So, tonight is New Year’s Eve–kind of the adult follow-up to Christmas. I don’t remember thinking much about New Year’s as a child, pretty much because my parents were all about us going to bed as early as possible. But by the time I was in middle school, we’d started to make a party of it by renting movies (and a projector, because they were reel-to-reel!) and eating a glorious amount of junk food. These were old movies for the most part, most of them made even before I was born, and we watched the same ones practically every year: “The Jungle Book,” with Sabu as Mowgli; an episode of “Flipper,” and once, “World of Wheels,” featuring Fabian–the narrator seemed to think we would know who he was.*
Our absolute favorite, however, was Laurel and Hardy’s “The Music Box.” We watched it over and over. We acted it out. We quoted it in appropriate situations, like, when we carried anything up the stairs. Even though it was, at the time, fifty years old, was filmed in black and white, featured a horse-drawn wagon, and less-than reliable electricity, it made us laugh ourselves silly. Every time. In introducing my kids to Sherlock Holmes I have found, to my disappointment, that only one child likes the Basil Rathbone films; the story is slower, and they really don’t like the black and white. But one day last summer, I managed to find “The Music Box” online. All three laughed themselves silly, and demanded to see it again.**
This year, something remarkable happened in the Sherlockian world: for the first time since 1916, audiences could see the legendary William Gillette portray the great detective in the silent version of the play, “Sherlock Holmes.”*** It was screened for audiences in Paris and San Francisco, shown on TCM, and offered on Blu-Ray–possibly to higher than anticipated demand, as the delivery date kept getting later and later…. Opinions on it have been mixed, story-wise. It’s a different sort of adventure than the ones we’ve gotten used to, and it’s more convoluted than the Canon. Holmes has a love interest.† The acting styles are, in most cases, different that what we’re used to–with the notable exception of Edward Fielding as Dr. Watson. That’s what I thought, anyway–I’d like to know your opinions.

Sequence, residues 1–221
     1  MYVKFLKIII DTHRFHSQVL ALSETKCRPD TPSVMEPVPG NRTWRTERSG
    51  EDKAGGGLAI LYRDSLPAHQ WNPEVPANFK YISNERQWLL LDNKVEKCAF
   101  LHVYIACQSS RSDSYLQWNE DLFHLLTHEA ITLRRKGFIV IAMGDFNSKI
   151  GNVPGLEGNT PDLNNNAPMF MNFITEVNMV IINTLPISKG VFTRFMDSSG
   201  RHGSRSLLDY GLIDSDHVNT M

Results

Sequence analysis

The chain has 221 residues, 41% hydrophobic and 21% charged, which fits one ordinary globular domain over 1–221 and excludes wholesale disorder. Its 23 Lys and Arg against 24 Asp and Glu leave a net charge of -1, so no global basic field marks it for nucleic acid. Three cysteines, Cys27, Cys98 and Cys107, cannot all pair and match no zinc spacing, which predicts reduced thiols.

And if you’re itching to play movie critic and haven’t seen the film, your 2015 just got luckier, because (as if you haven’t guessed), today’s prize is, in fact, a copy of “Sherlock Holmes.”
Unfortunately, I cannot find this on the European Amazon sites I use, so you will need an all-region player to view it if you do not live in the U.S.
But…if you’d like a chance to travel back in time 100 years, then send in your answer to this question:
Name five actors who portrayed Sherlock Holmes on stage or film before 1950–and who were not Basil Rathbone.
As always, send your answers via Twitter DM, Facebook PM, or blog comment! I’ll announce the winner in tomorrow’s post!
Congratulations to Noreen Pazderski, winner of the 1894 copy of Memoirs. This was a hotly contested prize, and answers included:
Philosophy and agriculture
Beekeeping (of course)
Writing up two cases (LION and BLAN)
Writing his book, “Practical Handbook of Bee Culture, With Some Observations Upon the Segregation of the Queen.”
Solving the occasional crime
…and (my personal favorite) Spying (see VALL)
*Yes, he was before my time, thank you very much (just 2 days older than my father). But he’s still around. Here’s his website: http://www.fabianforte.net
**You can find it here–https://www.youtube.com/watch?v=-s4nVg_W_6Y
***Read about its discovery and restoration here: http://variety.com/2014/film/news/lost-sherlock-holmes-film-discovered-william-gillette-1201318659/
†Spoilers: It’s not Watson.
2 responses to “Twelfth Night Giveaway: Day 8”
Who won for Day 7?
Noreen Padzerski–I completely forgot to post it! Thanks for reminding me!